3. Most Japanese cars spend most of their lives stuck in traffic gridlock. So performance and handling don’t really matter. The seats? Maybe they get different seats in Japan?

  • avatar
    improvement_needed

    how’s it compare (drive) to the civic hybrid…

    apparently, this can be had for 21.5k + tax these days…
    much better equipment package than the insight lx…

  • avatar
    DearS

    My sister had an 84 Civic hatch, with 5 speed. My god was that a great car. I’m angry, I feel like choking her for selling it. Its such a tragedy. I dunno how safe it was in a crash, but it was fun in ways even my BMWs could only dream of. Maybe will we see such cars again in the not to distant CAFE future.

  • avatar
    zerofoo

    That’s the ugliest interior in any car I’ve seen in recent memory. I didn’t think anyone could make a worse interior than GM or Chrysler.

    Between the turmoil at Acura and now this POS, I suspect there is a larger systemic problem at Honda.

    -ted

  • avatar
    ponchoman49

    Quote: Inside the Insight, the hyper-plastic sci-fi theme of other recent Honda interiors has advanced even deeper into the absurd. If any attempt was made at a clean, cohesive, rational design, it’s not evident. From the bi-level instruments to the bifurcated HVAC controls, a team of acid-tripping designers and bean counters appears to have completely routed the human factors folks. This from the “keep it simple” company. One small win: unlike in Toyota’s hybrids, there’s a tach.

    I agree 100%! The other thing Honda did right was to place the instruments in the right place- in front of the driver where they can actually see them unlike the Prius with it’s tiny centrally located pod. Too bad they made them look so childish and silly.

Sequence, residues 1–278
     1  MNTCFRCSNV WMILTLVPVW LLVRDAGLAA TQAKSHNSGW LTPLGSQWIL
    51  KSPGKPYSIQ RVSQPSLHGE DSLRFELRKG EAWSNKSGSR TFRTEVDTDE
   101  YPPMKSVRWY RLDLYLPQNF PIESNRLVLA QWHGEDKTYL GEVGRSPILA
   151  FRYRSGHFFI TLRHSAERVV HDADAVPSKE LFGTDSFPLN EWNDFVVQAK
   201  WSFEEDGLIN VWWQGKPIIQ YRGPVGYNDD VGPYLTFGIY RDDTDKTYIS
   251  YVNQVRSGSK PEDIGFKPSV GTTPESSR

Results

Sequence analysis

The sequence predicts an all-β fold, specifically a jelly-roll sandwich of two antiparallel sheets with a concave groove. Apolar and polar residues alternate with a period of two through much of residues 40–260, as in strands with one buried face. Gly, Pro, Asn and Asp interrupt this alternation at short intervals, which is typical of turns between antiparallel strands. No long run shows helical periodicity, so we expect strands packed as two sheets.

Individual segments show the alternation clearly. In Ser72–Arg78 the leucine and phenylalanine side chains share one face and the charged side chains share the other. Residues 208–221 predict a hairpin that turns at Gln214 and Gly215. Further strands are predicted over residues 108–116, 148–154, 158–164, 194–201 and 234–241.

• avatar
    NickR

    Re: The dash.

    Last time I saw a boom box like that it was blasting MC Hammer’s ‘Can’t Touch This’.

  • avatar
    ravenchris

    This is another example of what consumers get when real competition among auto manufacturers is lacking. ‘Just vote no purchase’ to overpriced decontented products. Stop being a victim and send a powerfull message to the decision makers.

  • avatar
    Robert Schwartz

    For those of you who haven’t read Jeremy Clarkson’s review here are some excerpts and a link, RTWT.

    “Honda Insight 1.3 IMA SE Hybrid” by Jeremy Clarkson in The Sunday Times on May 17, 2009:

    * * *

    It’s terrible. Biblically terrible. Possibly the worst new car money can buy. It’s the first car I’ve ever considered crashing into a tree, on purpose, so I didn’t have to drive it any more.

    The biggest problem, and it’s taken me a while to work this out, because all the other problems are so vast and so cancerous, is the gearbox. For reasons known only to itself, Honda has fitted the Insight with something called constantly variable transmission (CVT). It doesn’t work. Put your foot down in a normal car and the revs climb in tandem with the speed. In a CVT car, the revs spool up quickly and then the speed rises to match them. It feels like the clutch is slipping. It feels horrid.

    And the sound is worse. The Honda’s petrol engine is a much-shaved, built-for-economy, low-friction 1.3 that, at full chat, makes a noise worse than someone else’s crying baby on an airliner. It’s worse than the sound of your parachute failing to open. Really, to get an idea of how awful it is, you’d have to sit a dog on a ham slicer. So you’re sitting there with the engine screaming its head off, and your ears bleeding, and you’re doing only 23mph because that’s about the top speed, and you’re thinking things can’t get any worse, and then they do because you run over a small piece of grit.